Nevada Drug Card Media Center
One of the most common complaints in health care involves people not getting enough time with their doctors. Patients often feel rushed without having their questions answered or conditions addressed.
The Clark County Medical Society can't promise more time with your primary care provider, but the group's Mini Internship Program offers so much access to a physician you'll feel worn out by the end of the day. By shadowing doctors, participants witness the delivery of health care from an insider's perspective and the multifaceted world of those who have taken the Hippocratic oath.
The program tries to show people all the pressures a doctor goes through each and every day, said Dr. Keith Brill, the Medical Society's immediate past president. The face time with patients is only part of it. I wish I would only see patients all day.
Patient interaction represents only part of a doctor's day. Consultations, charting, preparation time, phone calls: Mini interns learn what goes in the back office. The program, offered twice a year for either a day or half-day, is designed primarily for people who have a connection to the health care industry insurers, lawyers, judges, lawmakers or other government officials but the general public also can apply. Participants can choose from a range of medical disciplines from cardiology to infectious diseases to urology.
Suzanne Domoracki, program director for Nevada Drug Card, a free statewide prescription assistance program, interned with Dr. George Alexander, a Las Vegas plastic surgeon. She spent the day shadowing Alexander as he completed several procedures at the Surgical Center at Tenaya, an outpatient clinic near MountainView Hospital. Domoracki's professional life revolves around medicine, but she never had such a glimpse behind the scenes. She chose to spend a day in an operating room because she wanted to challenge herself.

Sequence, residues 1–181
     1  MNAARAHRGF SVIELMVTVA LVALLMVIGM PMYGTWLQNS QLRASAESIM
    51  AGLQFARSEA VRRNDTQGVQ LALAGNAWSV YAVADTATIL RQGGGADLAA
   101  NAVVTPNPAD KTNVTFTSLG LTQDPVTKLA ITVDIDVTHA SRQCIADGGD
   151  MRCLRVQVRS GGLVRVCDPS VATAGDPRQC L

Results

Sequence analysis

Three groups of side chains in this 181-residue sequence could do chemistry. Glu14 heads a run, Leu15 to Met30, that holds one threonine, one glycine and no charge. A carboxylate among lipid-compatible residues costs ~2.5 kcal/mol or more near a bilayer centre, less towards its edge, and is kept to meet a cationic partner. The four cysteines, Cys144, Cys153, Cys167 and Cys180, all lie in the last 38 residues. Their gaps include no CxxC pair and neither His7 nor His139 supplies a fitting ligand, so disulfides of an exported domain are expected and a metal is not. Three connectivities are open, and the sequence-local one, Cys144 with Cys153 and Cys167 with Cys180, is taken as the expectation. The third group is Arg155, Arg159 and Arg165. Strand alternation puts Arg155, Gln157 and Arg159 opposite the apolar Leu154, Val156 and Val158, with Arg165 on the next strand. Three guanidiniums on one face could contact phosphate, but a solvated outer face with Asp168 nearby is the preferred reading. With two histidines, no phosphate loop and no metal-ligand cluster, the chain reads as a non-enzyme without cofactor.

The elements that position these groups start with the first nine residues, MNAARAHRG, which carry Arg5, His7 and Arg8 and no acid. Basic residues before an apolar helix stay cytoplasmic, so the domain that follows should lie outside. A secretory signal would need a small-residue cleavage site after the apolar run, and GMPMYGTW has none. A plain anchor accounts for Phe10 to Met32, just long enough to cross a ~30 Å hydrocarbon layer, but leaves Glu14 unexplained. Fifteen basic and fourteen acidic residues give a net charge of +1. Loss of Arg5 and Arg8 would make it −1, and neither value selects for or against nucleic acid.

I didn't even know whether I was really up for it. I get squeamish, and I wanted to know whether I could handle it, Domoracki said. Working with Dr. Alexander, everyone felt very comfortable, very calm, and there's no frenzy whatsoever. He's got the greatest bedside manner.
Domoracki's experience was similar to other participants who frequently express wonder at the physicians' attention to detail and breadth of knowledge. Domoracki also was impressed with patients' willingness to let an observer participate in the process.
"I was amazed there was no opposition to an outsider participating in a procedure that's so personal," Domoracki said.
The program is not for the faint of heart. Interns don gowns and gloves, and have a front-row seat to examinations, surgeries and other invasive procedures. A day with a cancer specialist probably will include a biopsy, the removal of tissue for diagnostic study. If you intern with a gastroenterologist, you might witness your first colonoscopy, the examination of the large intestine's inner lining.
"Some of the procedures are a little more intense than others," said Dr. Daniel Burkhead, a Las Vegas pain specialist who once had an intern quietly leave the room because she saw more than she could handle.
Patient safety and consideration are paramount.
"My priority is always the patient," said Dr. Souzan El-Eid, a Las Vegas breast cancer specialist. "If anything is going to jeopardize that, I block it."
Burkhead and El-Eid were co-chairs of the program this year for the Medical Society, a professional organization with 1,437 members serving the needs of physicians, their patients and the Clark County community. The intern program has existed for about 15 years and averages from seven to 15 participants. A record number of interns - 21 - took part in March.